Some breather-weeks have passed in which we paid our technical debts, which spawned during the race to our internal playtest build. This update focuses on the state of the dialogues and as promised: a peek what we intend to do differently.
Right from the onset we knew that we had to cater our worldbuilder-in-chief, Robert, with the most expressive system we could build in terms of interactivity and also in terms of his writing ambition. His book, sadly available in Estonian only, is possibly one of the most interesting slipstream fantasy books that I have read and also in a large part the reason why I believe into our writing enough to dedicate myself to the game. Our world will be a cool one. Also, we have an actual published and talented author writing your story, how cool is that.
In terms of interactivity we need our protagonist to sense the surroundings in a literature-friendly manner. It reeks in the bathroom, but the smell is also so indescribable that they should have sent a poet. There is a suspicious track-mark on the pavement. You barely hear the seagulls over the sound of the engine.
We decided that your senses — both area and object related, tell you more about the world using what we call “sense orbs”. The orbs come in two types: in-world and orbital. In-world orbs are visible to the player and concern your perception — you see something and its location is marked. Smells, sounds are ofthen more transient and you cannot pinpoint their origin. This kind of sensory information, even your “gut feeling” hovers around your head as you travel the world. If interested you can click on them.
Suppose that you end a dialogue and have this specific “staircase wisdom” — you realize that you had a perfect counter to someones’ line or you have a feeling about something being really wrong with the corpse — you could have a monologue with that feeling to gather more insight into yourself or the world.
So the orbs share both tweet-like information and can be discussed with; they store the interacted-or-not status and are coloured to hint that you had to have a certain skill to interact with them.
The orb visual uses placeholder graphics.
We designed the dialogue interface in a manner which tells to the player “red goes forward”. Our dialogue options are (usually) red — if you have a choice you choose from the red ones. If you don’t have a choice, you click on the big red button. It goes slightly against the “red is the close button” convention, but we believe that the way in which we introduce our UI will avoid any confusion on the matter.
The continue button sometimes changes colour. It needed some clever lookahead logic, but we foreshadow possible extra content which comes from having high skills in some stats. Suppose you have high drama: you might get an idea from your character facet called Drama: “It would be aproppriate to pause and inspect your sidearm thoughtfully.” Then, when you do that, you might be more successful in establishing Authority over someone. Sometimes they just add flavour or send you off to weird side-treks into someones psyche.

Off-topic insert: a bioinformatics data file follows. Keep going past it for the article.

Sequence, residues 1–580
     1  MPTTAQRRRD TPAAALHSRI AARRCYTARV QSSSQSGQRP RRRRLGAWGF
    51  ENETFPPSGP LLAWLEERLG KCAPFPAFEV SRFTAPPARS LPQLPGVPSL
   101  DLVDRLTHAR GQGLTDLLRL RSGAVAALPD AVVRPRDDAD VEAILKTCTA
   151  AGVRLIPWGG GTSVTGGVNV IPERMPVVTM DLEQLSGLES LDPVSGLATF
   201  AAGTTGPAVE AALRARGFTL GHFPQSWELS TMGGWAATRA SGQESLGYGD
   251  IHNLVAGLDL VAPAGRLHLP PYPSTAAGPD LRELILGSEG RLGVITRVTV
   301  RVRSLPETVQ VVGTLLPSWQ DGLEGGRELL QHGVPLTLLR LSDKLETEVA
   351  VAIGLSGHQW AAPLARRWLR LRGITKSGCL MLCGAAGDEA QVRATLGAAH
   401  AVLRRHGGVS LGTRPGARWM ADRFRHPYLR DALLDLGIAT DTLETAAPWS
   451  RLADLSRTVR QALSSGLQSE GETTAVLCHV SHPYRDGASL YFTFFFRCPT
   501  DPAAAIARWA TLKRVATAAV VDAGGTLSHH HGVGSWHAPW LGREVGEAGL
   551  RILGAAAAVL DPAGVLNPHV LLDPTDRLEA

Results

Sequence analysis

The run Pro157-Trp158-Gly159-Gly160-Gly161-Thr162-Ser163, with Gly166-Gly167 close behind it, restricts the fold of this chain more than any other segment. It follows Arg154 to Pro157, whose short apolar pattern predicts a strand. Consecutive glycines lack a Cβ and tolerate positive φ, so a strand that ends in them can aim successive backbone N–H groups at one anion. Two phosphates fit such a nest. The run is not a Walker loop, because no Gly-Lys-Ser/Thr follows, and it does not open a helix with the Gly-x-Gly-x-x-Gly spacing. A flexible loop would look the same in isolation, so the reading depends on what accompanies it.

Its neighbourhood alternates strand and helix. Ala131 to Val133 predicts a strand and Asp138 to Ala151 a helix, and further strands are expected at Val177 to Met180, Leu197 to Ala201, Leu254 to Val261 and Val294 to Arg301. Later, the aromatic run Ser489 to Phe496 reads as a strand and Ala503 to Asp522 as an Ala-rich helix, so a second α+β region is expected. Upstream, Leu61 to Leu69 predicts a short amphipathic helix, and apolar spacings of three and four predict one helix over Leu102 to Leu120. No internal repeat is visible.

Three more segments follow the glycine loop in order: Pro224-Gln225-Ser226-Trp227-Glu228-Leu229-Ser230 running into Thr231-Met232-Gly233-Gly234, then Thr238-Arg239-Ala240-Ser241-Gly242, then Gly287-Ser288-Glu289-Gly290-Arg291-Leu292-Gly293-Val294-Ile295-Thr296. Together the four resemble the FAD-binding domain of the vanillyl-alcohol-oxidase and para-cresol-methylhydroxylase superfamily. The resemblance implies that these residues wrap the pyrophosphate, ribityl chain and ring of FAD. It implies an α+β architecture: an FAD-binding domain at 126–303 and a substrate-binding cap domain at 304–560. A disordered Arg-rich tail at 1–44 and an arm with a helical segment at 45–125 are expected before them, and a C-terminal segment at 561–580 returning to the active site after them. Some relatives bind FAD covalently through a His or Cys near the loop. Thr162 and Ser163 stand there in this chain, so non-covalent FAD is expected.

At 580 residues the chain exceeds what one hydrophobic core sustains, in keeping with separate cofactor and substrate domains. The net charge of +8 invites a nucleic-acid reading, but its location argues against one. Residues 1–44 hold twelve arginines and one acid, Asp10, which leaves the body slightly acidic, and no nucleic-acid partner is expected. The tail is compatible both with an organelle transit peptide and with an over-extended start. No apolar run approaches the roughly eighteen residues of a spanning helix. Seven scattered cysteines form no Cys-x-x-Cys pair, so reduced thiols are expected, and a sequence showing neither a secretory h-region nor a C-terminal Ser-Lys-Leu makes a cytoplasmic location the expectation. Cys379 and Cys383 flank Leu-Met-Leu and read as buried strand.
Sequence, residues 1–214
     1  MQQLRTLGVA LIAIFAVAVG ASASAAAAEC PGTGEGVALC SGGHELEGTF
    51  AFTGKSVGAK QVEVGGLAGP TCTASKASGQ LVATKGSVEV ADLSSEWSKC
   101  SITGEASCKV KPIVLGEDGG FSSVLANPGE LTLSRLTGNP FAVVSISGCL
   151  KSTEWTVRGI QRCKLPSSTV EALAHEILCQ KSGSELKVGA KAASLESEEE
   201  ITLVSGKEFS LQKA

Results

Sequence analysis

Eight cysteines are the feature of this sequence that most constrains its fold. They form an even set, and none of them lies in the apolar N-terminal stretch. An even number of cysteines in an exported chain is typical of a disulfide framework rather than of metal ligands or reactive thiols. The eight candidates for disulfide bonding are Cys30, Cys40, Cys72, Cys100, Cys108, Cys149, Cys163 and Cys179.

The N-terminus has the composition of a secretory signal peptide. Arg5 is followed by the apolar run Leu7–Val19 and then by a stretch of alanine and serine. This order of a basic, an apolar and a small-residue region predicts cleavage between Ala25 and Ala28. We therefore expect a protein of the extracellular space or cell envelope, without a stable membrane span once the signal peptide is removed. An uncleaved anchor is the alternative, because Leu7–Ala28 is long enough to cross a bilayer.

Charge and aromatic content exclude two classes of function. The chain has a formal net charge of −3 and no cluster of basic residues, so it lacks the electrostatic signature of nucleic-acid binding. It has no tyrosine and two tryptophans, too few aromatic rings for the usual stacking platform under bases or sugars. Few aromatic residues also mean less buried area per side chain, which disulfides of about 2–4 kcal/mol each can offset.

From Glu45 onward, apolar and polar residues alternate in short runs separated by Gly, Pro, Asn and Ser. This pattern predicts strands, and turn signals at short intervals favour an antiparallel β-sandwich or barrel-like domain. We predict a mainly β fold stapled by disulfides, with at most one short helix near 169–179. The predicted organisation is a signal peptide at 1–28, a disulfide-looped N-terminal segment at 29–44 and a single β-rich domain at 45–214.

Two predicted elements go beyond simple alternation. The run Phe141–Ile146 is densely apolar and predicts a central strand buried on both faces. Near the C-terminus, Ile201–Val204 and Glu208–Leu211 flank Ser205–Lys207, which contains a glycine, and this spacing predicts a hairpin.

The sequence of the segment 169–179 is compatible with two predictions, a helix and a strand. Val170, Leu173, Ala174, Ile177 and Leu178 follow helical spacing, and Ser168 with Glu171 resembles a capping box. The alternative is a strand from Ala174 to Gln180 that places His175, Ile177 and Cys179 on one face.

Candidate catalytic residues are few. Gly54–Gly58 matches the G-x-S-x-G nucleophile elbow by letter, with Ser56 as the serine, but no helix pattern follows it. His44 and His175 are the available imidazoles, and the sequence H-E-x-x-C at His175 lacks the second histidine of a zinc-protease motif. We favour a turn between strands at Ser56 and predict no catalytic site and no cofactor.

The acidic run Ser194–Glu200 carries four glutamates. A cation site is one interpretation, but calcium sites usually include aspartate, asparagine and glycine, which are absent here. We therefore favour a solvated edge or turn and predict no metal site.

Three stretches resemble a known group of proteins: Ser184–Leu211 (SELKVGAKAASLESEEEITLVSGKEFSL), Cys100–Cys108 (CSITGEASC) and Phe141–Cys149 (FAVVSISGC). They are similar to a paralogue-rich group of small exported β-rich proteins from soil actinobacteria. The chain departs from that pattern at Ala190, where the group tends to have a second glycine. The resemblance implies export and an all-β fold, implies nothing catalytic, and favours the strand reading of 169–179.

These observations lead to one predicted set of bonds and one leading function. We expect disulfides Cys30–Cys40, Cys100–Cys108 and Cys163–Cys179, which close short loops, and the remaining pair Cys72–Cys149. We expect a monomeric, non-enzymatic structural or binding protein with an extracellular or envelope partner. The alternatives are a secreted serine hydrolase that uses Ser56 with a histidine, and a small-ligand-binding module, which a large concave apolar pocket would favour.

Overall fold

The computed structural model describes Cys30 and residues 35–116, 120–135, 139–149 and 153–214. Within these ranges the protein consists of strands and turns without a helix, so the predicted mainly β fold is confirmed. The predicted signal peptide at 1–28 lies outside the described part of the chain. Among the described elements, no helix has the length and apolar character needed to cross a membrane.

This foreshadowing with colour adds an interesting anticipation moments and also tells to the player that there are many paths through our game and not all of them are open to anyone.
Internally we call those moments Passive Checks and they are “take 7” type of non-rolls. You either pass the threshold with a skill and get its information or not and continue with slight nagging feeling that you should be more Dramatic in your next playthrough (or scum-save).
We have two kinds of checks which you can roll: Red ones and White ones. The White check signifies those dialogues in which you can convince someone or try something and while failing it affects the story (and sometimes in a beneficial manner) you can always come back later and re-try them.
There is a silent contract with the player that the writers adhere to: If you see a White Check you can re-roll it once you have improved as a person or have improved your odds (such as finding out some facts about the target and such). Also, the unmade White Checks remain in the menu for you to find even if you first encountered them somewhere “deep” in a dialogue.
The Red Checks are reserved for story events in which you can either succeed or fail and they are always tied to a choice. The silent contract here is that we make an effort to weave both successes and failures into the story. There are moments in which you wish for your character to fail a check.
Currently, and this might change depending on player feedback, we show your odds before the roll. Your stat, skill, bonuses and possible die rolls are matched against a target number and modifiers to the target number, which you have as of now.
This serves as a tool for the player to judge if she wants to drink alcohol; for example, before the roll, to deepen the intuiton of the character. We might decide that this information would be too much before the check and show what affected your roll only after you have passed it. This is something to playtest.
So, until next time when I hopefully tell about our character system.